Kenya is braced for another week of political unrest as Western diplomats admitted they were running out of ways to persuade an intransigent President Mwai Kibaki to accept a power-sharing deal with the opposition leader, Rala Odinga.
Attempts at mediation between the two sides following December's deeply flawed presidential election have failed, despite the likes of South African Archbishop Desmond Tutu, US assistant secretary of state Jendayi Frazer and African Union chairman John Kufuor each spending days in Nairobi shuttling between the two camps.
Former UN secretary general Kofi Annan will become the latest international figure to try to find a political solution when he flies in this week alongside Nelson Mandela's wife, Graca Machel, and the former Tanzanian president Benjamin Mpaka.
The trio will touch down in Nairobi as the opposition Orange Democratic Movement (ODM) launches a series of rallies over three days in 28 towns and cities. ODM leaders are also promising to occupy the government benches in parliament when it is convened for the first time since the election on Tuesday. The ODM won 95 of the 210 seats, almost three times as many as President Kibaki's Party of National Unity.
Mr Odinga has suggested he is willing to sharing power with Mr Kibaki on an interim basis, ideally ahead of an election re-run. Mr Kibaki initially offered to set up a government of national unity before unilaterally appointing allies to all the key cabinet positions – a step described by Western diplomats as a "huge slap in the face".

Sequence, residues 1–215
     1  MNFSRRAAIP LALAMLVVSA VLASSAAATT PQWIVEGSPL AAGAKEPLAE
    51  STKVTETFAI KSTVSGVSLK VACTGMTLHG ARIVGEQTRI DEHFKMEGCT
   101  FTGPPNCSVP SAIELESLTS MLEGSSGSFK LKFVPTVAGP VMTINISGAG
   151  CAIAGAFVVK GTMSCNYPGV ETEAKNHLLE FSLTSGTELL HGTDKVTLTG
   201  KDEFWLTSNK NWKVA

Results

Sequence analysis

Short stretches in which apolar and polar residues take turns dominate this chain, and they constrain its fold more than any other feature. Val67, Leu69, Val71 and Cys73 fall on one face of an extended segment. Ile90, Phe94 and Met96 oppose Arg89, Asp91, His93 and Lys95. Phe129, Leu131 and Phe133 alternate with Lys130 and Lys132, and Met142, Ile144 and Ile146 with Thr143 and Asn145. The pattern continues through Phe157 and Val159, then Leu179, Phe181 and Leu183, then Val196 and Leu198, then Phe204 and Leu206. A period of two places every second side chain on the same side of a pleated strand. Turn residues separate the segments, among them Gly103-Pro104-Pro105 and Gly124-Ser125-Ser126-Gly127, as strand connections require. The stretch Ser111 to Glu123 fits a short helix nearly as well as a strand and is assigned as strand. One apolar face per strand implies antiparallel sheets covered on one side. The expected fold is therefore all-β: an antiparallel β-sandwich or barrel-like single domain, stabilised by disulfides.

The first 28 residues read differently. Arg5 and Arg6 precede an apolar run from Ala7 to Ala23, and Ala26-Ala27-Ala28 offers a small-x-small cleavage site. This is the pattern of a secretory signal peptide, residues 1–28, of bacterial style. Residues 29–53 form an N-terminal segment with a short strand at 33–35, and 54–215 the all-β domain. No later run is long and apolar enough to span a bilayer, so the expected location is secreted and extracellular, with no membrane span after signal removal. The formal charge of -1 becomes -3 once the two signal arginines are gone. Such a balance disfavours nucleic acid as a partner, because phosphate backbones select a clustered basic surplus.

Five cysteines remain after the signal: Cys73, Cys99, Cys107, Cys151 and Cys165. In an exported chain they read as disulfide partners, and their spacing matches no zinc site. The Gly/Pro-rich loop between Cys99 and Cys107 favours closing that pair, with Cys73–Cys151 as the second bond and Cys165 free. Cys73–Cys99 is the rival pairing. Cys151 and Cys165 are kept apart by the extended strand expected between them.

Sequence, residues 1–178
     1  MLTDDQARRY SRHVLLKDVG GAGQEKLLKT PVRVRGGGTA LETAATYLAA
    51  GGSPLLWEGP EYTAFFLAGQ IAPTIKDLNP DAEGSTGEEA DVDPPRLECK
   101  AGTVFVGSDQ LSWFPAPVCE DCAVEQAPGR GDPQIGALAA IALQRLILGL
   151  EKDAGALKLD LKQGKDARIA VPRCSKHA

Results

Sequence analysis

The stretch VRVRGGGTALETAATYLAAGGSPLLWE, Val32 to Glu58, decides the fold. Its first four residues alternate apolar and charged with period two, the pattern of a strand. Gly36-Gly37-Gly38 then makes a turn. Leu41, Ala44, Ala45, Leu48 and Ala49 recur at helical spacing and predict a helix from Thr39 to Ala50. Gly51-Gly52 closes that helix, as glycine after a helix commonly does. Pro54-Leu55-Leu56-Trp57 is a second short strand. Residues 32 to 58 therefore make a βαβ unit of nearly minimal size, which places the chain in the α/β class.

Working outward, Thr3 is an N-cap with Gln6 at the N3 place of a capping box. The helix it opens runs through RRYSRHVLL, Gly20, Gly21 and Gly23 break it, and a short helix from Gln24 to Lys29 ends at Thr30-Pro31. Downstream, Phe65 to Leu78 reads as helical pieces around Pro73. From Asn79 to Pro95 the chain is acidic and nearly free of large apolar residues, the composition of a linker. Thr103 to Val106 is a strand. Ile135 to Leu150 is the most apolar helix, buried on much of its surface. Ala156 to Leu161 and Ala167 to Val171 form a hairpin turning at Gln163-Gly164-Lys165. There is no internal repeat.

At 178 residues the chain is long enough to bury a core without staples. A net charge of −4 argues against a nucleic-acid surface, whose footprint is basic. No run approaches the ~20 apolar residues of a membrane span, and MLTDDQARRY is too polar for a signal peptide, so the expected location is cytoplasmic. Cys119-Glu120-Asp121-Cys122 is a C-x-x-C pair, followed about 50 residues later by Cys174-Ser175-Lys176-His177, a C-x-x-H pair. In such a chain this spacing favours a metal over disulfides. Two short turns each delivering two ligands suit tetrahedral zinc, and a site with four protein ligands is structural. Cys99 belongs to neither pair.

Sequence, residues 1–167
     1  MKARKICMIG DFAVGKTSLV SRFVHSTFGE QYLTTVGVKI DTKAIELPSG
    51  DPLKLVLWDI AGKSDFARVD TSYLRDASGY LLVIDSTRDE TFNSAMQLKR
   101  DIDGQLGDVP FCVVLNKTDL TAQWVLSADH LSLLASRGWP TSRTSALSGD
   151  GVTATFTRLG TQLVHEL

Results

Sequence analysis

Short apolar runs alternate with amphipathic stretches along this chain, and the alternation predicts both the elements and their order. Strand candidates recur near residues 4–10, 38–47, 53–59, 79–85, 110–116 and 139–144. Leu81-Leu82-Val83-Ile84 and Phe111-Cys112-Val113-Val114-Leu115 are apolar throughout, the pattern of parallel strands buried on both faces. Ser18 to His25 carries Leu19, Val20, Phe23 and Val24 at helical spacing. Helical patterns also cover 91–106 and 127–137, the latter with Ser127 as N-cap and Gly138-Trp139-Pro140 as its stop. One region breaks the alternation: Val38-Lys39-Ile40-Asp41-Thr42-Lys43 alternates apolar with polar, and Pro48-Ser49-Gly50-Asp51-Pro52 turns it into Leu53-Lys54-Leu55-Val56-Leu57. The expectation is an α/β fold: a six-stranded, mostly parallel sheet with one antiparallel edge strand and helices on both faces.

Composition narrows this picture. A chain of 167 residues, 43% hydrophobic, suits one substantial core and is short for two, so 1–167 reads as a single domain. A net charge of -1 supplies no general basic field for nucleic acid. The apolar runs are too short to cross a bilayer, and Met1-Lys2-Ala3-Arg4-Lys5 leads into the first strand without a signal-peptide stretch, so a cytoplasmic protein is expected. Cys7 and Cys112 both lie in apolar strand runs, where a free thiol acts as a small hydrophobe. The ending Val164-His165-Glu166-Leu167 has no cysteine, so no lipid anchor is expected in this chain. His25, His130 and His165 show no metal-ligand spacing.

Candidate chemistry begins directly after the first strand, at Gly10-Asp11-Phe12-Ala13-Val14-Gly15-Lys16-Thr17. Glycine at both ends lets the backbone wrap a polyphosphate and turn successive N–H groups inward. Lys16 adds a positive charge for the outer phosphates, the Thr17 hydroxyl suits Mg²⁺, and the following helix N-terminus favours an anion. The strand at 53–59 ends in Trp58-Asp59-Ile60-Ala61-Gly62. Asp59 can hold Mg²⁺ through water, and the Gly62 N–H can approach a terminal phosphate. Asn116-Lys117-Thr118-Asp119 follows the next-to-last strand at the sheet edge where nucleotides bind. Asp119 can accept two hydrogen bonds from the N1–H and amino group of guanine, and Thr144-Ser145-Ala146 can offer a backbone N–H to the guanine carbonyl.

But the unfolding political crisis, which has seen around 500 people killed in a wave of post-election violence, has also demonstrated the impotence of the international community. Concerns over corruption have already led to Western countries cutting the amount of direct aid put into government coffers. Any withdrawal of that aid would probably harm the 500,000 people in need of emergency assistance following the violence. The US in particular sees Kenya as a vital ally in the "war on terror".
"There is not much we can do," said one senior diplomat. "And Kibaki knows that. The longer this goes on, the easier it will be for him to stay in power."